Planners have been hit with criticism about the costs and practicality of the Places29 Master Plan, a 20-year transportation and land-use plan for Albemarle County — and now the Charlottesville Regional Chamber of Commerce is labeling Places29 “fundamentally flawed.”
The chamber has sent a letter to the Albemarle County Board of Supervisors and the state transportation secretary slamming some projects and dismissing the premise of the plan. It also lambastes planners for failing to address whether officials should build a western bypass, which would allow distance travelers passing through Charlottesville to avoid U.S. 29.
“Our chamber categorically rejects the ‘Places29’ report’s and planners’ disregard [for the ability of a western bypass] to improve travel through this already congested corridor,” the chamber’s letter states.
Local officials estimate that 12 percent of the traffic on U.S. 29 consists of travelers who are only passing through the area.
However, county officials are defending Places29, saying that the plan isn’t dependent on the western bypass.
“Places29 does not prohibit building a bypass,” said Mark Graham, Albemarle’s director of community development. “But it works without a bypass.”
The Places29 Master Plan — a joint effort by the county and the Virginia Department of Transportation — aims to guide the future of public and private development of the portion of the county that runs along an 11-mile stretch of U.S. 29 from the U.S. 250 Bypass to the Greene County line.
Wayne Cilimberg, the county’s director of planning, said that county planners had been asked by the Virginia Department of Transportation not to design the plan based on an assumption that the western bypass would be built.
Cost estimates haven’t been assigned to many of the components of Places29, and it has not been determined where the funding would come from and when.
The projects, however, would cost hundreds of millions of dollars. Some business advocates have called Places29 a “half-a-billion-dollar” plan.
The local Chamber of Commerce has criticized planners for estimating the costs of some projects based on 2007 figures, instead of taking into account inflation. Planners also haven’t calculated the costs of acquiring land needed for road projects.
“Who knows what happens with these estimates when you include acquisition?” said Timothy Hulbert, chamber president. “That’s really, really disappointing. We have a pretty significant disagreement over their estimating.”
County officials, however, say that it’s premature to assign firm costs to projects, because Places29 is still in the early planning process.
“We’re not down to the details, the design, the engineering where you make your true cost estimates,” Cilimberg said. “You don’t get down to a point where you can really start firmly estimating costs until you know exactly that you’re doing the project and what the project’s going to [entail].”
The cost estimates will be updated to reflect 2010 or 2011 dollar figures in time for an upcoming Planning Commission work session, officials said.
While Places29 allows for some flexibility, the plan’s stated aim is to diffuse traffic from U.S. 29 by creating a system of parallel roads and increasing public transit, sidewalks and bikeways. Residents ideally would live closer to where they work, shop and play.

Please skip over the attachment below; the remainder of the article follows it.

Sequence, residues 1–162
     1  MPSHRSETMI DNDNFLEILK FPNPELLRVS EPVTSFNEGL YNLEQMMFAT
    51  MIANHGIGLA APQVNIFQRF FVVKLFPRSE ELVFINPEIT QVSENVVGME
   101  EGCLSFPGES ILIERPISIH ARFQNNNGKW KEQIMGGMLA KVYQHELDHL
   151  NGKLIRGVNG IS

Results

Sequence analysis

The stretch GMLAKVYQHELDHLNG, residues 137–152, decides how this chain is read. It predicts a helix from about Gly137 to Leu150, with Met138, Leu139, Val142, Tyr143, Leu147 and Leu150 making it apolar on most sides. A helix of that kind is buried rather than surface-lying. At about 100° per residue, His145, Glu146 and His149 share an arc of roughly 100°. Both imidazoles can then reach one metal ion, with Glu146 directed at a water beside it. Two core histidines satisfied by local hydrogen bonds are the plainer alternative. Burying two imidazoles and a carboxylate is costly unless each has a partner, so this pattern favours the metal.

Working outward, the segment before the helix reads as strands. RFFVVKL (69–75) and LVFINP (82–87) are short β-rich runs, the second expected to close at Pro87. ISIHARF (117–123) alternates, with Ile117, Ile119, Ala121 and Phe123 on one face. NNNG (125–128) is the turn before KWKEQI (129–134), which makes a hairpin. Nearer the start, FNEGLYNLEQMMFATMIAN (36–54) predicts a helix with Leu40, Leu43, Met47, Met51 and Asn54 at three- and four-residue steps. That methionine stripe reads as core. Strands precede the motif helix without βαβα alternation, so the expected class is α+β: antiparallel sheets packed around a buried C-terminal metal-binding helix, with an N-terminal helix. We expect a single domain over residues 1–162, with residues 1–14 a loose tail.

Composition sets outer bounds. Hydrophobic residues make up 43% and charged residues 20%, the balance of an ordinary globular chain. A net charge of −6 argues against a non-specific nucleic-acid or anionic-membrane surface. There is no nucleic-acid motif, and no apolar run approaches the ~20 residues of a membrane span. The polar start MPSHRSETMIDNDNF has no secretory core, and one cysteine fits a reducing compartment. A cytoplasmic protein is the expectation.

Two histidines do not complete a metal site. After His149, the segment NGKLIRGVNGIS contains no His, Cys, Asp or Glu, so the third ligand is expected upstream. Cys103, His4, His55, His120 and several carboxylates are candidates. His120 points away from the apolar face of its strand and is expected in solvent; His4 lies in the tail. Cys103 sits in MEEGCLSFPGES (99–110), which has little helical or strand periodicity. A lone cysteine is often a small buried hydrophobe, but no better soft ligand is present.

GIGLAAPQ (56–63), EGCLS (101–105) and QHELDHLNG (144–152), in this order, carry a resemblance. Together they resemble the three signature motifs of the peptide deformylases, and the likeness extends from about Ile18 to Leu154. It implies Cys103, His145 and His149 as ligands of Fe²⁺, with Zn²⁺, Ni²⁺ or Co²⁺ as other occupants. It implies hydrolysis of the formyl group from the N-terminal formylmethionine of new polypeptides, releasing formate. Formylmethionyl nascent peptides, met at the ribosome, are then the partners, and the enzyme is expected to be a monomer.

Places29 outlines plans to build single-point urban interchanges — essentially overpasses — at the U.S. 29 intersections with Rio Road and Hydraulic Road. Construction of the Rio Road interchange would cost an estimated $35 million, while the Hydraulic Road project would cost an estimated $33 million.
One component of the plan is to widen to six lanes the section of U.S. 29 between Polo Grounds Road and Town Center Drive at Hollymead Town Center. Another priority would be to extend Berkmar Drive past the Doubletree Hotel Charlottesville, across a bridge over the Rivanna River and ending at Hollymead Town Center.
Business leaders object
However, leaders of the North Charlottesville Busi-ness Council insist that there are two options that would relieve much of the congestion on U.S. 29: building the western bypass or building an expressway through the center of the existing U.S. 29 commercial corridor.
The council, a subset of the Chamber of Commerce, supports building the western bypass. Business council member Henry Weinschenk said that an expressway would be less practical and would require U.S. 29 to be widened substantially, wiping out many of the businesses along the corridor.
Local officials say they have no plans to build an expressway.
Albemarle Board of Supervisors Chairman David L. Slutzky said that the officials aren’t limited to a choice between an expressway and the western bypass, neither of which he supports.
“The reality of the western bypass is it’s a VDOT-proposed road that it’s been estimated [to cost] between a quarter-of-a-billion dollars and a third-of-a-billion dollars to build,” Slutzky said. “There’s no way that we have the money to build it or are going to have the money to build it anytime soon. That’s one reason why it’s unrealistic to be talking about it, because it ain’t going to get built.”
Slutzky said that it wouldn’t make sense to spend all of the county’s transportation funds for decades to come on the western bypass, particularly when the “result would not change the traffic congestion on [U.S.] 29 measurably. … It’s a dumb idea.”